A new warning has just been released about The Momo challenge: a worrying new game that's thought to be encouraging young players to commit suicide.
We’ve previously reported on the worrying ‘choking game‘ and the ‘eraser challenge‘ but the latest game some kid’s are obsessing over is even more concerning, and a school in New Jersey released a new warning about this dangerous game.
Growing up everyone can remember a game or trend that took over their lunchtime discussions and killed whole days of the six week summer holidays.
Yet it seems back in the day, the popular pass times were a lot more family-friendly with so many of the viral trends nowadays being dangerous and potentially life-threatening.
The Momo challenge is the latest craze that you should be aware of and warn your children against participating in.
It’s all focussed around a creepy doll character designed by Japanese artist Midori Hayashi.
Midori is known for creating dolls related to horror however, he is not associated with the terrifying challenge that has adopted his fictional character.
The Momo challenge encourages people, targeting children and teens in particular, to join a WhatsApp group.
According to the Daily Mail it then bombards users with violent pictures and sets a series of tasks for the user to complete.
The final task is to commit suicide and is already thought to be the reason behind a 12-year-old girl’s death in Argentina.
This is very similar to the Blue Whale Challenge, which also started with tongue-in-cheek pranks like waking up early and ended in users being challenged to take their own life.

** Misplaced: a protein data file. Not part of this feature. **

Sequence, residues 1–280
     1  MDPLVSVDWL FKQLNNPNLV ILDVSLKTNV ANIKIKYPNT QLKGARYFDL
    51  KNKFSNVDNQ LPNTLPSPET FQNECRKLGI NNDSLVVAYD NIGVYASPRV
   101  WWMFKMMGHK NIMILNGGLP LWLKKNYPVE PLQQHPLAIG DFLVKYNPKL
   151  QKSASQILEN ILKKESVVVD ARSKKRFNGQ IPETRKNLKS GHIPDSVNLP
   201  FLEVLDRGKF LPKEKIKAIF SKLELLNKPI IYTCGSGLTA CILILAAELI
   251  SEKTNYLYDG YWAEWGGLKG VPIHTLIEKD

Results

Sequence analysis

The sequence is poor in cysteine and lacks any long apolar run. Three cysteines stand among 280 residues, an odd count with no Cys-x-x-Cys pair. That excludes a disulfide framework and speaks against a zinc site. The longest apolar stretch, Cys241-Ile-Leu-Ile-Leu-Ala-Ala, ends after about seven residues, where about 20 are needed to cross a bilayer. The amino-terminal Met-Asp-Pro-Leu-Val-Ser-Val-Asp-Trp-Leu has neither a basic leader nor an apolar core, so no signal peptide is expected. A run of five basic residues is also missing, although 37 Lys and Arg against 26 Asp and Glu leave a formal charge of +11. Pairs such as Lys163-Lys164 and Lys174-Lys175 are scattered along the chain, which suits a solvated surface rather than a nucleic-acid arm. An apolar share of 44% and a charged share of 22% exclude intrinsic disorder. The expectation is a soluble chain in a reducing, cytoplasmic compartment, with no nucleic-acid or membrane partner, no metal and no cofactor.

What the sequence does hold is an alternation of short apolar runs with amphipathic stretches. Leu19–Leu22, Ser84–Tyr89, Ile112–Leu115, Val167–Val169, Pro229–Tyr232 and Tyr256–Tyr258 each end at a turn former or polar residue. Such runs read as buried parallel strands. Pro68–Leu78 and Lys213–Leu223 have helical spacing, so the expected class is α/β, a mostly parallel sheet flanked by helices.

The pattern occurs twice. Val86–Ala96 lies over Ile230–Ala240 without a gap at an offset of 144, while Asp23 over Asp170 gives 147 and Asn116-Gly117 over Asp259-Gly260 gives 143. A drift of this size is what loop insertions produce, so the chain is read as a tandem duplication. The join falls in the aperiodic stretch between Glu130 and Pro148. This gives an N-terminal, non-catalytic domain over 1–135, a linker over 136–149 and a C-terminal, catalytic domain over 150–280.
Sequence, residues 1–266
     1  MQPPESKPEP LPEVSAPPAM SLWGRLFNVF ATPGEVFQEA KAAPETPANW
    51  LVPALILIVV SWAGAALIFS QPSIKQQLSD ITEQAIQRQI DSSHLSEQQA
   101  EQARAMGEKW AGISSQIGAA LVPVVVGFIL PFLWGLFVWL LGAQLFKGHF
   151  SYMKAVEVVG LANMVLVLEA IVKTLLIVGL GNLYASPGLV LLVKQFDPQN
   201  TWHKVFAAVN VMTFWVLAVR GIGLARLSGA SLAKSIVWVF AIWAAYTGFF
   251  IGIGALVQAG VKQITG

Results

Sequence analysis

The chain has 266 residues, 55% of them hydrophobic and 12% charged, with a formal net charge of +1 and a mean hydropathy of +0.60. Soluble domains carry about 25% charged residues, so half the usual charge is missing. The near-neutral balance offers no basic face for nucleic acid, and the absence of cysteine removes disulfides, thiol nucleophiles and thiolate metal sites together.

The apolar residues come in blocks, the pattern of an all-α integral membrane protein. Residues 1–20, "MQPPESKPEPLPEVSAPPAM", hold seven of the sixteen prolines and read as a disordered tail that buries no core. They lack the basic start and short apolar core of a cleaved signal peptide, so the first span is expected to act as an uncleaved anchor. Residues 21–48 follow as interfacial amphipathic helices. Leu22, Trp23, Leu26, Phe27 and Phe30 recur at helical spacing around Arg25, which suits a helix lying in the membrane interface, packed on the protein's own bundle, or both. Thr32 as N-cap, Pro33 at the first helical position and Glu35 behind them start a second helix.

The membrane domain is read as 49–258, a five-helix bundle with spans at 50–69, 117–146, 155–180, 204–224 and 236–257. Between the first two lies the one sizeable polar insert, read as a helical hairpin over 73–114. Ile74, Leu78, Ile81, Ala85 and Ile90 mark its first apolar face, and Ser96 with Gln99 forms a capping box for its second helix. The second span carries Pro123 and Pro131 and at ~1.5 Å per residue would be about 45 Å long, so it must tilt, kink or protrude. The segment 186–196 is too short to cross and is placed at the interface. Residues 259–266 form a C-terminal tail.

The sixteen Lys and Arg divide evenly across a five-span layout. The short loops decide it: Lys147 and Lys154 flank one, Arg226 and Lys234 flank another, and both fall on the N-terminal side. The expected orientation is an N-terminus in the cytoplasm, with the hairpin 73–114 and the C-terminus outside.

In response to the growing trend the Twitter account for Spain’s civil guard shared a warning encouraging people to not join the group or participate in the challenge.
Other countries that are reported to have been affected with cases relating to the Momo challenge include France, Germany, Mexico and the United States.
A school in New Jersey, Brick Township, delivered a statement on Thursday of last week to warn parents about the circulation of the very disturbing game.
The superintendent sent a letter out to parents after hearing that children had been talking about the game in classes, and the Brick Township School officials have revealed that the superintendent had been meeting with parents last week to discuss the risks posed by the game.
It’s not yet known if the challenge spread to the UK, but it’s certainly worth being aware of in light of this most recent warning.
The hashtag #Momochallenge already has over 400 posts on Instagram and triggers a warning from the site that reads: ‘Posts with words or tags you’re searching for often encourage behaviour that can cause harm and even lead to death. If you’re going through something difficult, we’d like to help.’
There is then a link that directs people to helplines if they are going through a difficult time. This could be part of Instagram’s attempt to counteract the dangerous challenge.
Have you heard of the Momo Challenge before and have your children been approached to join it? Are there any similar viral trends you think parents should be warned against? Head over to our Facebook page to join the conversation, we’re interested to hear what you have to say.